Canberra may have to pay compo if East West cancelled

The Age: Canberra may have to pay compo if East West cancelled. November 27, 2014. Adam Carey, Transport Reporter for The Age

Prime Minister Tony Abbott and the Victorian Premier Denis Napthine.

The federal government would have to pay compensation if a state Labor government cancelled the East West Link, under an agreement Prime Minister Tony Abbott signed with Premier Denis Napthine seven weeks ago.

A deal signed between Canberra and the states and territories on October 10 says: “In the event that a project has been cancelled, contractual obligations will be shared by the Commonwealth and states in proportion to their funding.”

The same deal would allow the Abbott government to divert funds to other projects in the same state.

If a major transport project part-funded by Canberra is cancelled, the Commonwealth “may choose to reallocate its share of any remaining funding to another project or projects in the relevant state”, it says.

But Mr Abbott has this week said he would instead take back $3 billion promised to Victoria for the road. The agrement contradicts a memorandum of understanding signed by Dr Napthine and Mr Abbott, signed in June.

Roads Minister Terry Mulder’s office supplied Fairfax Media with four sentences from that memorandum but declined to release the entire document.

It says that if the project is cancelled “the Victorian government is required to return all Australian funding to the Commonwealth”.

The political standoff over the East West Link is the biggest point of difference between the two major parties.

Mr Mulder said Labor’s threat to abandon the contracts for the road was “reckless” and would damage Victoria’s financial reputation.

The project would generate jobs, inject billions of dollars into the economy, and “solve one of Melbourne’s biggest congestion issues”, he said.

Labor wants to reallocate the $3 billion in federal funds to the $9 billion-$11 billion Melbourne Metro rail tunnel and is banking on persuading Mr Abbott to do so.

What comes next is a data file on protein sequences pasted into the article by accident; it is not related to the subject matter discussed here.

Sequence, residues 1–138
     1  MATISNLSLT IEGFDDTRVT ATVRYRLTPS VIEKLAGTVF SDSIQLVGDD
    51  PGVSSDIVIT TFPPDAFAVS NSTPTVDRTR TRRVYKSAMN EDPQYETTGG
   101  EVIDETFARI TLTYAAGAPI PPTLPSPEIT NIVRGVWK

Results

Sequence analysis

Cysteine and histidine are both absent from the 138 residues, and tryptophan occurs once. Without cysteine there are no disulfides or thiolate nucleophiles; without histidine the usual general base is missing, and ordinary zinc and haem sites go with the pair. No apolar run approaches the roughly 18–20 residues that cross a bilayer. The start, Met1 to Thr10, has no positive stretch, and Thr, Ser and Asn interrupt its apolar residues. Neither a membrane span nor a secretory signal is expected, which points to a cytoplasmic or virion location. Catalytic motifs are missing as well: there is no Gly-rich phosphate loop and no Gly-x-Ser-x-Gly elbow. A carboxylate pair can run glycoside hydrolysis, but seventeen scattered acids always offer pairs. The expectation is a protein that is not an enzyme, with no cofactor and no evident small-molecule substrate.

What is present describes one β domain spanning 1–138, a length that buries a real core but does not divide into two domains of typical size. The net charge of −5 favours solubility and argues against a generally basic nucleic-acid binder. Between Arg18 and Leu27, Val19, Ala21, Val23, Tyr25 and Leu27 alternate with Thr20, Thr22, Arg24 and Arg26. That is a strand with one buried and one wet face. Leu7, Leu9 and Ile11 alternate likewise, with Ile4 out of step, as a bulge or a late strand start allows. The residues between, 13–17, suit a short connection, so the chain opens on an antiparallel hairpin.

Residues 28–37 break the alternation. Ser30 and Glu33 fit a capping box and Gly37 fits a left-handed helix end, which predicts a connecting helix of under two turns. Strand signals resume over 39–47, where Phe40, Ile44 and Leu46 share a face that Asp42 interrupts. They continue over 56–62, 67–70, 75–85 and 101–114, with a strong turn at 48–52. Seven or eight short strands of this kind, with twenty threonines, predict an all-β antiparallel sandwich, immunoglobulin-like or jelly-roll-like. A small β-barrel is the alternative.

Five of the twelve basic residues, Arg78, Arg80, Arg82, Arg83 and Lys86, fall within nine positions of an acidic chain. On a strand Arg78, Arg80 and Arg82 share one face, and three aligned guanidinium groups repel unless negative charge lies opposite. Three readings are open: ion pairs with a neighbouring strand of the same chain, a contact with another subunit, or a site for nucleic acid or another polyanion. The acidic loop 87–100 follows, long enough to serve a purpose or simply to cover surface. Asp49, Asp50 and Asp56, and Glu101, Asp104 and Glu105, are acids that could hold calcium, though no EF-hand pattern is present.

Opposition roads spokesman Luke Donnellan said Mr Abbott’s assertion that Victoria would be stripped of billions “will not stick with Victorians”.

If Labor was elected, Mr Abbott would be able to invest in other projects including rail and hospitals, he said.

“His own signature on the National Partnership Agreement opens the door for the relocation of funds to other projects in Victoria, which Labor if elected will vigorously pursue.”

The East West Connect consortium was contracted last month to deliver the $6.8 billion first stage of the road tunnel to connect the Eastern Freeway in Clifton Hill to CityLink in Flemington.

Treasurer Michael O’Brien has estimated compensation costs alone under the contract and a side agreement signed by the government would amount to $1.1 billion if Labor wins office and cancels the contract.

The NSW government this week wrote to Abbott government infrastructure assistant minister Jamie Briggs asking for the $3 billion directed to Victoria to instead go to Sydney’s biggest freeway project, WestConnex.

Mr Briggs’ spokesman said the $1.5 billion payment already made to Victoria for East West Link was not made under the agreement signed in October, but the previous MOU.

Deputy Prime Minister Warren Truss said in the MOU “that if the project does not proceed Victoria must return all funding for the project to the Australian government”, the spokesman said.

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